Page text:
Written by a missionary in East Asia

 

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Recently announced changes in East Asia mission field

Recently the Board for World Missions decided to pull our East Asia Team missionaries and families out of their focus country because of security concerns. The government of their focus country is now regularly detaining, interrogating, and deporting any Westerner or group suspected of religious activity. Many mission organizations, large and small, have already pulled their operations out of the country over the past few years.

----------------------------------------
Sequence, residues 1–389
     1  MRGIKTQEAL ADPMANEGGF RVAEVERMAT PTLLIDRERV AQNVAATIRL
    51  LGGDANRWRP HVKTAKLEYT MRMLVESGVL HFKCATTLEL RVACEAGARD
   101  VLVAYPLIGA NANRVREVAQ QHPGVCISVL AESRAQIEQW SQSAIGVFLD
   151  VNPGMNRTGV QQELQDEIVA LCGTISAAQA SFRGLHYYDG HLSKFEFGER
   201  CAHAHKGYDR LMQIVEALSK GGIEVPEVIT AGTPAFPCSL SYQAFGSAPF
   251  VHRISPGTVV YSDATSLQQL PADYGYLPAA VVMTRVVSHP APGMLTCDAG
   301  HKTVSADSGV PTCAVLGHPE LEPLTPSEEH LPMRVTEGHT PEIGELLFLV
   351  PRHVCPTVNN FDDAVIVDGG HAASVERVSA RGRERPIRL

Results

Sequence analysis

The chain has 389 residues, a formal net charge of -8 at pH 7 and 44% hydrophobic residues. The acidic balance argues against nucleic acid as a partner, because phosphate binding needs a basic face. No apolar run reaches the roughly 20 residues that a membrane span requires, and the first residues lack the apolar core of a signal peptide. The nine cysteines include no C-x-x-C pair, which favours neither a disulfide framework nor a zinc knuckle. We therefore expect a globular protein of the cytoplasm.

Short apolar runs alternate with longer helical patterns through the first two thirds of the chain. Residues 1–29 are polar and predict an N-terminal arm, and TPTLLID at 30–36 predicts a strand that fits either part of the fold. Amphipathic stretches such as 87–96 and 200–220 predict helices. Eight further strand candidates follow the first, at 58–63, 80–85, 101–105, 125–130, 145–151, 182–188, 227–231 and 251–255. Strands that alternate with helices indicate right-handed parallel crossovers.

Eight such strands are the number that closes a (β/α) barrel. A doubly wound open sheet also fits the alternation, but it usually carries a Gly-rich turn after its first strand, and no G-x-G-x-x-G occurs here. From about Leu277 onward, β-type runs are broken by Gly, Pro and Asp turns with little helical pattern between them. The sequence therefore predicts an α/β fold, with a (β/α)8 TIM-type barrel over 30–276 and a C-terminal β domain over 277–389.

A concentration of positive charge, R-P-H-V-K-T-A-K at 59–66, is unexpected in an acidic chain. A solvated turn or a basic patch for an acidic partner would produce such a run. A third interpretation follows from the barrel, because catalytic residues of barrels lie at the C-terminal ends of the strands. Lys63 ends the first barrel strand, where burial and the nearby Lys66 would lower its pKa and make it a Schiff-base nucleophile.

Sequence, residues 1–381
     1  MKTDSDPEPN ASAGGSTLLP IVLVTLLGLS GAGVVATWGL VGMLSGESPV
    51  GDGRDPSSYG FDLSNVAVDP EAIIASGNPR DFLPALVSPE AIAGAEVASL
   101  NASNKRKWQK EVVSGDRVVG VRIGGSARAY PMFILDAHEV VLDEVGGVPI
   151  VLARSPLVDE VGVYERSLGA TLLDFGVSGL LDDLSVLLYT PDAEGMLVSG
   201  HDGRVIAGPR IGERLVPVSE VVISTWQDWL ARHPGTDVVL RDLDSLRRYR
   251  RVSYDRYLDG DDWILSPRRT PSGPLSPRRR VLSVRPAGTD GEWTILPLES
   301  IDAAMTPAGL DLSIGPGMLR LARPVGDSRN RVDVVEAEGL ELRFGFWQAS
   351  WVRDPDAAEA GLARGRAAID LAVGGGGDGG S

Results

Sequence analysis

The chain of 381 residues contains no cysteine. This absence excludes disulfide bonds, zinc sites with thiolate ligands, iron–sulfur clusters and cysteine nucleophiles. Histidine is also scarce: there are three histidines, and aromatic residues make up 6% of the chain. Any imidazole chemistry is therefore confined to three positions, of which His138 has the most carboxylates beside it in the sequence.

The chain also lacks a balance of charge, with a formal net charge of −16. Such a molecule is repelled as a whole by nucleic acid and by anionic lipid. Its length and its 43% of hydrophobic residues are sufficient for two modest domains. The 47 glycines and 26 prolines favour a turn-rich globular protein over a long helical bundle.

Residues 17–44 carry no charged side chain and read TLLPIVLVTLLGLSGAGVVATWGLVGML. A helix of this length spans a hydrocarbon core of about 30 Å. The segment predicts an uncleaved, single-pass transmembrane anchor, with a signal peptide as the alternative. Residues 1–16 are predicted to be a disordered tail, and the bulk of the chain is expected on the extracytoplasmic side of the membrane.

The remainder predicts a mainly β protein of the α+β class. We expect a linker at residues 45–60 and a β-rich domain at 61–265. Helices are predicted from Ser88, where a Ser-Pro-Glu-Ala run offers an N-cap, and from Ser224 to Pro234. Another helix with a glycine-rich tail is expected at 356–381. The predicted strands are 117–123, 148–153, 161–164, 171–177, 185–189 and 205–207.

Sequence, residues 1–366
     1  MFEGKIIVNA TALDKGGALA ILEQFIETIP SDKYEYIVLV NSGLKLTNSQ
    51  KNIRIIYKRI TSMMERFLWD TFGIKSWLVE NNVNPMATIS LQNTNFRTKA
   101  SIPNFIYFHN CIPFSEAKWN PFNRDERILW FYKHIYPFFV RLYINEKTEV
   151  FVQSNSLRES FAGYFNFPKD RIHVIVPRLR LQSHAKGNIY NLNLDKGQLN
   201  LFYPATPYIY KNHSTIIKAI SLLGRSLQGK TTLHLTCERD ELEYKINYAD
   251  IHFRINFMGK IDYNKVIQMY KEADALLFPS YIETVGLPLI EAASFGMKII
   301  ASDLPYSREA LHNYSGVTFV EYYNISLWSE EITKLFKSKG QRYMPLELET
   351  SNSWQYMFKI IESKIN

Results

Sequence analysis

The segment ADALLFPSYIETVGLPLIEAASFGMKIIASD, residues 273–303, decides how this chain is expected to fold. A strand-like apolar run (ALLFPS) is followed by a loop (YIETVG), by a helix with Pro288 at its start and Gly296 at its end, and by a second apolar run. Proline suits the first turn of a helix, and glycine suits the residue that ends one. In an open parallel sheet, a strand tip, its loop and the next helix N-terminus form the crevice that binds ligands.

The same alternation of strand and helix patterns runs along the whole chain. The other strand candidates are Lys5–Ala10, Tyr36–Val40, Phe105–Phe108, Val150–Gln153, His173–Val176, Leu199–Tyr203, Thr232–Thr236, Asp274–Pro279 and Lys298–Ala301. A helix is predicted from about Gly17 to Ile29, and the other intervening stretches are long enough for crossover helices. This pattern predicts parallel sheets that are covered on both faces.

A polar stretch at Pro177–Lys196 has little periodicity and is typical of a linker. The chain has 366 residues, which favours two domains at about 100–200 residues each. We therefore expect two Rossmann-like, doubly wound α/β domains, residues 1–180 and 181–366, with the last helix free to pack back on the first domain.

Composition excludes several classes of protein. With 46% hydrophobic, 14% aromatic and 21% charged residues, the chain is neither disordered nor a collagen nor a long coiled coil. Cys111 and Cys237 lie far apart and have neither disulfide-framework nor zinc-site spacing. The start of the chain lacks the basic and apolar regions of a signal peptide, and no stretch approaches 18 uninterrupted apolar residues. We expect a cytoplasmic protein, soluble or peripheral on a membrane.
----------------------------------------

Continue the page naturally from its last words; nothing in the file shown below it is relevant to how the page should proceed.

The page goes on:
The East Asia missionaries and their families are being relocated to a nearby country from which they hope to continue their work in the focus country through online teaching, through distance mentoring and coaching, and through regular monthly visits back into the focus country. Over the next few months, the team will be working hard to acquire new visas and adjust to the new reality in the relocation country.

The Board for World Missions and the East Asia Administrative Committee have been monitoring this situation for the last few years and had been preparing for this contingency for months. As a result, the team is not in a state of panic, and everyone is safely out of harm’s way. Most important, the team is humbly confident that the Lord works even through these difficult times to advance his kingdom’s work.

The leadership also continues to closely monitor the political situation in Hong Kong where Asia Lutheran Seminary is located.